Alzheimer’s disease is a form of dementia, and its cause is likely to be ‘multifactorial’ and even vary considerably between individuals. However, on thing that appears to be true is that a key driving process in the condition is inflammation (which, by the way, seems to be true for ‘chronic’ conditions). One potential anti-inflammatory agent is vitamin D, and I was interested to read about a recent study which found significant links between low vitamin D levels and risk of developing Alzheimer’s disease and dementia in general.
In short, what this study found is that in those deemed to be low in vitamin D (levels < 50 nmol/l), risk of Alzheimer’s and dementia were raised by 69 and 53 per cent respectively. In those deemed ‘severely deficient’ (levels 25 - < 50 nmol/l) risks were elevated by 122 and 125 per cent respectively. Analysis of the data revealed that there is some sort of threshold below which risk of dementia and Alzheimer’s increases markedly, and that threshold is around 50 nmol/l.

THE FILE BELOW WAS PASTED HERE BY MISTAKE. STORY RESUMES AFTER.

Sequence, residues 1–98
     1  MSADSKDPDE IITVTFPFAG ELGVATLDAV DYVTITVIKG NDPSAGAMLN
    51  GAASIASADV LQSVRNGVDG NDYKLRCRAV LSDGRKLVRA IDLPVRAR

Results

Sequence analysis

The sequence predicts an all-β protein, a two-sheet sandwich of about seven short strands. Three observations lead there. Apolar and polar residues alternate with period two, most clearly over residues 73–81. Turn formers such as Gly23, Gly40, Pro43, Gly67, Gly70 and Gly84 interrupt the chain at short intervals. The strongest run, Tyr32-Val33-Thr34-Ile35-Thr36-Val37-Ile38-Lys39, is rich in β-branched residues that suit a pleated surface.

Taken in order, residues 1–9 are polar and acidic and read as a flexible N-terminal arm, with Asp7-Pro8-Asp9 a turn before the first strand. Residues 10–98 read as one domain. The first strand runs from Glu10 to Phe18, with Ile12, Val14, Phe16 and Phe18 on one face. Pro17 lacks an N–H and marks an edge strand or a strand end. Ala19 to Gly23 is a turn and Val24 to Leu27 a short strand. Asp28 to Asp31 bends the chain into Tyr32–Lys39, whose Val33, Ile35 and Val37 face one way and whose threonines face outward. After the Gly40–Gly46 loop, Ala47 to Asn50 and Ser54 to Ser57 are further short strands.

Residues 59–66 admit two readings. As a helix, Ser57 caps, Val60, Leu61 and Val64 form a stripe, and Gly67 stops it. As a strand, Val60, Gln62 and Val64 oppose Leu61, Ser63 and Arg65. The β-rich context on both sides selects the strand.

This research is ‘epidemiological’ in nature, and cannot be used therefore to infer that vitamin D helps prevent dementia. It could be, for instance, that those prone to dementia are less likely to get outside in the sun, and are prone to lower vitamin D levels as a result.
However, in this study, people were followed over a period of time (an average of about 5½ years), at the start of which no-one had dementia. In this context, the increasing risk of dementia over time seen in those low in vitamin D points a bit in the direction that the link might be causal (i.e. that vitamin D deficiency might actually provoke dementia). Interestingly, vitamin D has been found to counter specific mechanisms that have been implicated in the development of Alzheimer’s disease .
I think it’s too soon to draw and conclusions about the role of sunlight and vitamin D in dementia. However, I’d say this is ‘one to watch’. If it should turn out that optimising vitamin D levels has benefits for the ageing brain, I don’t think I’ll be too surprised.
1. Littlejohns TJ, et al. Vitamin D and the risk of dementia and Alzheimer disease. Neurology. 2014 Aug 6 [Epub ahead of print]
2. Dursun E, et al. A new mechanism for amyloid-β induction of iNOS: vitamin D-VDR pathway disruption. J Alzheimers Dis. 2013;36(3):459-74